If you’ve not heard of community platforms before, a community platform is a tool that allows your organisation to create your own branded and tailored social network. Users of the platform (normally your members or supporters) can interact, join groups to share knowledge and exchange ideas, publish and promote events and collaborate within a safe online curated space. With a community platform you can expand your digital offer and strengthen your relationship with your supporters.

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Open Social is open source (much like CiviCRM) and as such has no user licences fees. This means it can be deployed affordably to scale to even the largest of communities. It’s also flexible with a huge range of different add-on modules that can be integrated to enhance the platform.

Our new two-way integration between Open Social and CiviCRM syncs data between the two platforms allowing information about the groups and committees that members have joined to be seamlessly synced to CiviCRM. You can even create Open Social groups and manage their membership directly from within CiviCRM, which would be useful for managing private groups in the case of committees or working groups.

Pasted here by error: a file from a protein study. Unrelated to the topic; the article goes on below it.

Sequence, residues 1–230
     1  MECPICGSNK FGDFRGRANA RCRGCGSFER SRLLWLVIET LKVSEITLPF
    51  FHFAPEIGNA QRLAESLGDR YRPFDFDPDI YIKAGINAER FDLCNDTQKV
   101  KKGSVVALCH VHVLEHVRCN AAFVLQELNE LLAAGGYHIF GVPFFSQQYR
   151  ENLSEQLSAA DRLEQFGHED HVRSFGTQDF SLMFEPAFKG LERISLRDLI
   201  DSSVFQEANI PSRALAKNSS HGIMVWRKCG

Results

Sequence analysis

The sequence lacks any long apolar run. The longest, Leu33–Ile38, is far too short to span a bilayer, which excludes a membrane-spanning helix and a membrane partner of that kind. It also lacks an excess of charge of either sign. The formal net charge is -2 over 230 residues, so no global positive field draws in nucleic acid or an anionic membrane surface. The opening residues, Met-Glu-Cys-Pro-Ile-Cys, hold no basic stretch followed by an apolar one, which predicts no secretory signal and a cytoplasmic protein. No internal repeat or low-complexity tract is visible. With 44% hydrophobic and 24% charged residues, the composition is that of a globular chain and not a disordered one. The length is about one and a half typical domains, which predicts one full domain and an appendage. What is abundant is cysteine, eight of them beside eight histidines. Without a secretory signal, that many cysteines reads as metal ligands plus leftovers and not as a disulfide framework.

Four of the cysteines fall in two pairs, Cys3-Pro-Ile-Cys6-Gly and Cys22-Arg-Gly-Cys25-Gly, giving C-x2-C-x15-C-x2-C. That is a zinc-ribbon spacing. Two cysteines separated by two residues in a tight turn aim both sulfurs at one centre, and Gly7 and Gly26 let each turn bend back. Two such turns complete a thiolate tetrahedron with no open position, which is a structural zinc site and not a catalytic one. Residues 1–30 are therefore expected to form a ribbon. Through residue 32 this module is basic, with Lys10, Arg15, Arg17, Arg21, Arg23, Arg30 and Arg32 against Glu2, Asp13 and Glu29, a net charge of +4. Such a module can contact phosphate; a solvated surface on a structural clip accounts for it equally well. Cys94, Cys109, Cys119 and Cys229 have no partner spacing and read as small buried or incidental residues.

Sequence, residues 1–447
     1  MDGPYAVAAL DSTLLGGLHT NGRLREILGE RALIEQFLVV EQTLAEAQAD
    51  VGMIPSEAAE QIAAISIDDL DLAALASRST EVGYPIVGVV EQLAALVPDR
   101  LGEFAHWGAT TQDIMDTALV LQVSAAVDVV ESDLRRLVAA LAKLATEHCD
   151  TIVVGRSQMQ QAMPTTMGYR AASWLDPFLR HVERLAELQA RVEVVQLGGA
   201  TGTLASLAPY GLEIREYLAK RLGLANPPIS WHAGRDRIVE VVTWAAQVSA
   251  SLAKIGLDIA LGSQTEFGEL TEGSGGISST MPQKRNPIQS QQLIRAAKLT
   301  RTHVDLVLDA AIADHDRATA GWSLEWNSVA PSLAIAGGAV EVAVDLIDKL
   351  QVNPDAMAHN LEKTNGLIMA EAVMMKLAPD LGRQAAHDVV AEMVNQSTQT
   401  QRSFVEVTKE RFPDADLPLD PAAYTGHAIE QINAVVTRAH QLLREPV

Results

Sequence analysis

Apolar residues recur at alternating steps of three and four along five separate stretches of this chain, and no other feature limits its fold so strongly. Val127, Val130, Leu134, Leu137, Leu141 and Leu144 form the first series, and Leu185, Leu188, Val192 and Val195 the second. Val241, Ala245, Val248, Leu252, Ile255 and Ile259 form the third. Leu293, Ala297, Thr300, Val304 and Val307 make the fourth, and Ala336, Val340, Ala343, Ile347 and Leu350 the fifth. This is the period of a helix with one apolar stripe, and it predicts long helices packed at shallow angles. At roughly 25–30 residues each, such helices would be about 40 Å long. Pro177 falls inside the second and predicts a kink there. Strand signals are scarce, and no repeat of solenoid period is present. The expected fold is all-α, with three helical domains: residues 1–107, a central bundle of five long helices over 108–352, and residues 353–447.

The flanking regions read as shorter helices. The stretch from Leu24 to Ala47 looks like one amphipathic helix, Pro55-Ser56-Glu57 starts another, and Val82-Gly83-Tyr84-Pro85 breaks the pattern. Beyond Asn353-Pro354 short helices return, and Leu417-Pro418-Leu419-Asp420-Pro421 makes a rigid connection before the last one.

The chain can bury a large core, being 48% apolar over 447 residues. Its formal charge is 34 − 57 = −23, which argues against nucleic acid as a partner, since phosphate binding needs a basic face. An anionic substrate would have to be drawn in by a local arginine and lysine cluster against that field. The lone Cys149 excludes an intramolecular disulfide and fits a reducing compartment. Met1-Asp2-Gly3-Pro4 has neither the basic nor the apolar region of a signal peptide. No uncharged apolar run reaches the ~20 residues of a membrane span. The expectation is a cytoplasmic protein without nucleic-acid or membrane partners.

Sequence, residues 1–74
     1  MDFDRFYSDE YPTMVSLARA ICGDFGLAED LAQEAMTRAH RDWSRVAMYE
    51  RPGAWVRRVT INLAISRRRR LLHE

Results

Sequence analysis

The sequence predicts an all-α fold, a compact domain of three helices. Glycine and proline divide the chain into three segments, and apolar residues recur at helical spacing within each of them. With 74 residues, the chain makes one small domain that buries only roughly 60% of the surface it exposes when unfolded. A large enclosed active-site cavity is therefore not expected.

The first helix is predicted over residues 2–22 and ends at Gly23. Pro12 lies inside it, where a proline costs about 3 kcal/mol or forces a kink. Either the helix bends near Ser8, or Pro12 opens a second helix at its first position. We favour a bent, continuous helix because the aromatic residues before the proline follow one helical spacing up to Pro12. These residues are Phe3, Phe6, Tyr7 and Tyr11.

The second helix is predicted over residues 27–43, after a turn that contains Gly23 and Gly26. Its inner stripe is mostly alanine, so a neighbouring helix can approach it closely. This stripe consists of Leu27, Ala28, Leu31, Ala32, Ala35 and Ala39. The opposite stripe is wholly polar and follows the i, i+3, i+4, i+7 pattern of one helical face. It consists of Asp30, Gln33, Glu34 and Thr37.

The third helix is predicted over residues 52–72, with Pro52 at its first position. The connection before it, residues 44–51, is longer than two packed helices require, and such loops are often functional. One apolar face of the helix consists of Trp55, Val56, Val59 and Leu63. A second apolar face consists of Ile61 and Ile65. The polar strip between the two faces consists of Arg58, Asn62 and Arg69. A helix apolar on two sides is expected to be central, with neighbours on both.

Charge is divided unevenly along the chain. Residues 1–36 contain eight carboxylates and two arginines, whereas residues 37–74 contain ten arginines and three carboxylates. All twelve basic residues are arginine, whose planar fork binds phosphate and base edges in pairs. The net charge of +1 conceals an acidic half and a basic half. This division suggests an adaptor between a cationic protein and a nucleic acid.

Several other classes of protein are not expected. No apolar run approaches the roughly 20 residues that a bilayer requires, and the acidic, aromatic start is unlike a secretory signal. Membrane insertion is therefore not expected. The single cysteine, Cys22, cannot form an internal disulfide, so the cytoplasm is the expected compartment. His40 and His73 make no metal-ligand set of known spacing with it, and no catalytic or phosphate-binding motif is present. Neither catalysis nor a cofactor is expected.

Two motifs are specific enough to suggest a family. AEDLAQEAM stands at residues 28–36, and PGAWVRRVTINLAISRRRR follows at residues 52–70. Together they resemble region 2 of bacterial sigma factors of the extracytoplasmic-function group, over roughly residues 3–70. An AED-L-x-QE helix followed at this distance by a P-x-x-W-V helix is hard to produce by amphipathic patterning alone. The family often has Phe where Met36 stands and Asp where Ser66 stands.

By combining the data of a community platform with that in your CiviCRM your organisation can obtain deep insights into your members' interests and behaviours. You can see which groups are popular and engage with your members on topical issues, automating communications and tailoring their experience.

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Example of another title

A great example is a recent implementation for the UN’s PRI (Principles of Responsible Investment). Their user community includes over 2,900 organisations with over 40,000 individuals spread across 6 continents. Their Community Platform now supports discussions between 24,000 users with over 750 online collaboration spaces. The data is seamlessly synced to their CRM allowing for deep insight guiding their policy engagements.

As Open Social partners, we would be delighted to help you start your journey with Open Social and help you build your online community. We can help you through both the implementation and the CiviCRM integration (or other CRM integration such as Salesforce or Microsoft Dynamics 365 CRM).

Please contact us through our website or by email at

Further information about Open Social can be found at their website: